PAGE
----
Thursday

Feb. 5, 2004

Sonnet: Daffodils

by Gavin Ewart

THURSDAY, 5 FEBRUARY, 2004
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Poem: "Sonnet: Daffodils," by Gavin Ewart, from Or Where a Young Penguin Lies Screaming (Gollancz).

Sonnet: Daffodils

Wordsworth really loved daffodils. He said they were flashers.
Certainly they must be the most exhibitionistic flowers
                                                              there are.
trumpeting their presence in yellow—by far the most
                                                              visible colour.
I grant that after a long hard winter
it's warming to see snow-drops and crocuses in that iron earth
and the very first daffodils (what a cliché) seem a
                                                              resurrection,
something it even seems appropriate to make a fuss about.
They look so perfect, though a bit self-conscious.

After a week or two, however, when Spring is established,
and everywhere you look there are oceans of daffodils
as arrogant as pop stars, they begin to seem ordinary.
You take them for granted. Like a love affair fading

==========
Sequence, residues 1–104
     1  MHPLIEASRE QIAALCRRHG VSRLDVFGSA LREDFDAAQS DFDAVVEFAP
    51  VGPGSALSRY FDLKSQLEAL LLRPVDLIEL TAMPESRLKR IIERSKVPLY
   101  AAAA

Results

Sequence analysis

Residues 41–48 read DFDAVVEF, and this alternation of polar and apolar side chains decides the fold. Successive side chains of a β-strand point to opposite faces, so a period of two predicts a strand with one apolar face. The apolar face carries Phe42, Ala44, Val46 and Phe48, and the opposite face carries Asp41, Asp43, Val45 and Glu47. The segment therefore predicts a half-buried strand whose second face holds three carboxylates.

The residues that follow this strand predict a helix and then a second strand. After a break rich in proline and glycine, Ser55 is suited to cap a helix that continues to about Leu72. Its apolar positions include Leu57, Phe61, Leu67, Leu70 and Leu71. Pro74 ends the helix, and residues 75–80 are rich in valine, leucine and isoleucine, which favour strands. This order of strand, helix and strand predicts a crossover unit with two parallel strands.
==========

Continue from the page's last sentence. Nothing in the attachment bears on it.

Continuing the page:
they shrivel and go crinkly, papery and tired.
The Spring too (teenagers witness) has its own kind of
                                                              boredom.


Literary and Historical Notes:

It's the birthday of playwright John Guare, born in New York City (1938). His first job after college was with MGM in Hollywood, but he hated it and joined the Air Force so he could travel around Europe. After a couple of years, he hitchhiked from Paris to the Sudan, filling dozens of pocket-sized notebooks with drafts of plays. It wasn't long after he got back that he had his first big hit, with House of Blue Leaves (1970). That was followed by a pop musical adaptation of Shakespeare's Two Gentlemen of Verona (1971), which started out being performed in public parks from the back of a truck, and ended up winning the Tony for Best Musical.

Guare's biggest success in recent years has been Six Degrees of Separation, which opened in 1990. It's about a rich white couple whose lives are changed by a young black man claiming to be the son of Sidney Poitier. The title of Six Degrees of Separation refers to the claim that it takes only six steps to genetically link any two people on earth. A character in the play says: "I read somewhere that everybody on this planet is separated by only six other people. Six degrees of separation. Between us and everybody else on this planet. The president of the United States. A gondolier in Venice. Fill in the names. I find that A] tremendously comforting that we're so close and B] like Chinese water torture that we're so close. Because you have to find the right six people to make the connection."


It's the birthday of the man who wrote Naked Lunch (1959), William S(eward) Burroughs, born in St. Louis, Missouri (1914). After he got a degree in English from Harvard, he went to medical school, studied anthropology, served in the Army, and worked as private detective. Finally, he settled in New York City, where he met his future wife, Joan Vollmer.